An ode to Steve Clarke - the man with unshakeable belief who has changed everything for Scotland
After he had made just the right substitutions to turn - in the space of the closing three minutes of normal time - an unremarkable 1-0 defeat into a remarkable 2-1 triumph. “Sometimes, when it is your moment, you just have to ride the wave,” he said. Riding the wave? As Scotland’s most satisfying away victory since the Paris punch of the 1-0 win in France in 2007 laps over all of us football devotees in this nation, how Clarke has produced a team that so often have been able to Hang Ten across his tenure is a thing of wonder.
Let’s be frank here, no-one thought the substitution that could help Scotland from plunging into the briny in the Norwegian capital as they trailed to a Erling Haaland penalty come the 78th minute was Kenny McLean. Or that the player until then largely a bystander in Lyndon Dykes could have any significant contribution to make beyond that point. Only for Dykes to poke in a 87th equaliser before McLean’s crisp, shaped finish two minutes later completed the larceny that sees Scotland sitting top of Group A with the full nine points three games into their eight-match qualifying campaign for Euro 2024.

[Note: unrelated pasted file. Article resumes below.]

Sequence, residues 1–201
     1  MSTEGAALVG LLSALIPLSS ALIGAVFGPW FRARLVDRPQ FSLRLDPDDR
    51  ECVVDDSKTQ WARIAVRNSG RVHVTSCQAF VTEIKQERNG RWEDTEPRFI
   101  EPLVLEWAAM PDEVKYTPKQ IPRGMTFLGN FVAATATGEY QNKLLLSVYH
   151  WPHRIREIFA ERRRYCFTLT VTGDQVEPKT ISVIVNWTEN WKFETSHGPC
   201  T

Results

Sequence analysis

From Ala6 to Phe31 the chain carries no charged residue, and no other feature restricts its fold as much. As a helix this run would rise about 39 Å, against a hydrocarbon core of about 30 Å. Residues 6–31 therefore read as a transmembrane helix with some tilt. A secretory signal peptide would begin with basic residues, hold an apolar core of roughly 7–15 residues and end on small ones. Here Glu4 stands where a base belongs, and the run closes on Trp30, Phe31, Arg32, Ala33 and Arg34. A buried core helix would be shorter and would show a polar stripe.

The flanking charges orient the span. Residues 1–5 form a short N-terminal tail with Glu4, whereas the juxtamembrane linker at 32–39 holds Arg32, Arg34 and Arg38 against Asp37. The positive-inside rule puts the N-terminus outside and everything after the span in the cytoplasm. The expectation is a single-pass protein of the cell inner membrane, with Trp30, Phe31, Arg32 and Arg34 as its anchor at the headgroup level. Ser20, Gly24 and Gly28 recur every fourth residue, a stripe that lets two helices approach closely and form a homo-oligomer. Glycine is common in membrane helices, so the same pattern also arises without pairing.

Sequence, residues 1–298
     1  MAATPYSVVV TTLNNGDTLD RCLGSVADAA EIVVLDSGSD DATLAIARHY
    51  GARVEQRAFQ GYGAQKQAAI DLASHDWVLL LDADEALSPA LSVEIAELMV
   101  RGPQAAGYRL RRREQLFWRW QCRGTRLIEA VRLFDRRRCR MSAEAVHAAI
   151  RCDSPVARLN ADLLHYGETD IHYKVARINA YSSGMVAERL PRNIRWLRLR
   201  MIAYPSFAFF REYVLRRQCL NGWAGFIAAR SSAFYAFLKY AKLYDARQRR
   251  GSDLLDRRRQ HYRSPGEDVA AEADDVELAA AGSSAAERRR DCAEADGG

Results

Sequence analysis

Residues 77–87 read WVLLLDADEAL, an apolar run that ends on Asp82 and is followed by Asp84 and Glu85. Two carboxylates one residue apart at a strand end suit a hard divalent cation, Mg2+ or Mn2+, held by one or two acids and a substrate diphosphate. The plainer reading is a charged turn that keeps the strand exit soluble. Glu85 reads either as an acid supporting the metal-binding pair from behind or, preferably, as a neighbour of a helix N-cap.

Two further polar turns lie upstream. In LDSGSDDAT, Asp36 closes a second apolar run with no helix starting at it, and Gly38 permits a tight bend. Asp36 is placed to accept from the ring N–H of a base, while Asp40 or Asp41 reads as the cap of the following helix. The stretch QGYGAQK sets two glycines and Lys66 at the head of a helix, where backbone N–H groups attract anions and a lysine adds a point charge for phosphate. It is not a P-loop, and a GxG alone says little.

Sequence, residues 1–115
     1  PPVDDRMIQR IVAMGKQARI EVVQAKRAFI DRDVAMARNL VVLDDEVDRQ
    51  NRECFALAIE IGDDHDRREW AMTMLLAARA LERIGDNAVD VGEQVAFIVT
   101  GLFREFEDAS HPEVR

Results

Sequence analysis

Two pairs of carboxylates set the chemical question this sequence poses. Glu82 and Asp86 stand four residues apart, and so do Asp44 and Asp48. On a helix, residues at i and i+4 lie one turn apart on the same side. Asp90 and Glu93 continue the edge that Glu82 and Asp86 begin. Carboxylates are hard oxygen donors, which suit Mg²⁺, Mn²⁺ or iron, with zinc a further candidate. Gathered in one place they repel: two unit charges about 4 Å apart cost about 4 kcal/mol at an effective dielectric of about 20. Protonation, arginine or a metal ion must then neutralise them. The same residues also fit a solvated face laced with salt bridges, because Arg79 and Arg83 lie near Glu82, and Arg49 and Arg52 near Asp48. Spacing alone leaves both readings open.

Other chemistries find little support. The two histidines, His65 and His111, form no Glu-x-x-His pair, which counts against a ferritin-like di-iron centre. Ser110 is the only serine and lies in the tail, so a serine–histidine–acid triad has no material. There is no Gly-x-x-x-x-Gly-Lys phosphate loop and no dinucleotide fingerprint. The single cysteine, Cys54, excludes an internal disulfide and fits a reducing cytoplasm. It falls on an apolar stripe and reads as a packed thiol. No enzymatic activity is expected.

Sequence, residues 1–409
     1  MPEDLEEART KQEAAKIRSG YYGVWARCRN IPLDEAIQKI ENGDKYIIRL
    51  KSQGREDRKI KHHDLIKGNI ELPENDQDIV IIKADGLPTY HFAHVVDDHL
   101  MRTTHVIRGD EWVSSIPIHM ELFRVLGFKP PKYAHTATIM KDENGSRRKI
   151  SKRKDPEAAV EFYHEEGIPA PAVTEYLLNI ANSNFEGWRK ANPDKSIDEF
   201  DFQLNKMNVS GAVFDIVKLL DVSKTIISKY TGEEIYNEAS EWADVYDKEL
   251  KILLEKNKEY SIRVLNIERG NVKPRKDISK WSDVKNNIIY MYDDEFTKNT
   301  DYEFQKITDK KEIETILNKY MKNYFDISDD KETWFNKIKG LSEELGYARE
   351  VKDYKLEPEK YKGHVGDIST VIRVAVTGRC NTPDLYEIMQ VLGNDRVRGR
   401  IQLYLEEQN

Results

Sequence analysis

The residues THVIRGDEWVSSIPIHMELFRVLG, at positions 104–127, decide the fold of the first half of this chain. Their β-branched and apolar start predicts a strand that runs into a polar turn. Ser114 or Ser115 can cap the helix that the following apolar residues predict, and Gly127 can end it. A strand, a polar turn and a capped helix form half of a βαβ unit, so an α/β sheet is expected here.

Or, if you want to put it another way, Clarke has changed everything for Scotland since he took charge in May 2019. Just how much demands to be set out. And no credit should be withheld from the, affectedly, dour Ayrshireman for the transformation of the country on the international stage - even as it should be acknowledged he has been fortunate to have a better class of player at his disposal than any predecessor in two decades.
It is no happy accident that Clarke was the Scotland manager who ended Scotland’s 23-year wait to participate in a major finals - which was achieved when David Marshall was granted mystical penalty-saving abilities to see Scotland through their, delayed, Euro 2020 play-off final in Serbia in November 2020. It should never be overlooked that he followed up the country’s participation in that tournament - admittedly one ending in disappointment in the summer of 2021 - with six competitive wins. A run that made for the longest such winning sequence since eight home international successes were strung together between 1925 and 1927. Scotland are doing un-Scotland things under Clarke. When was the last time that the national team produced two goals in the closing minutes of an assignment on foreign soil to bag a competitive win? This is happening now because of Clarke’s unshakeable belief in the players he selects…and their unshakeable belief in what he tasks them to do. These are heady times to be a Scotland supporter. And Clarke is the source of that.
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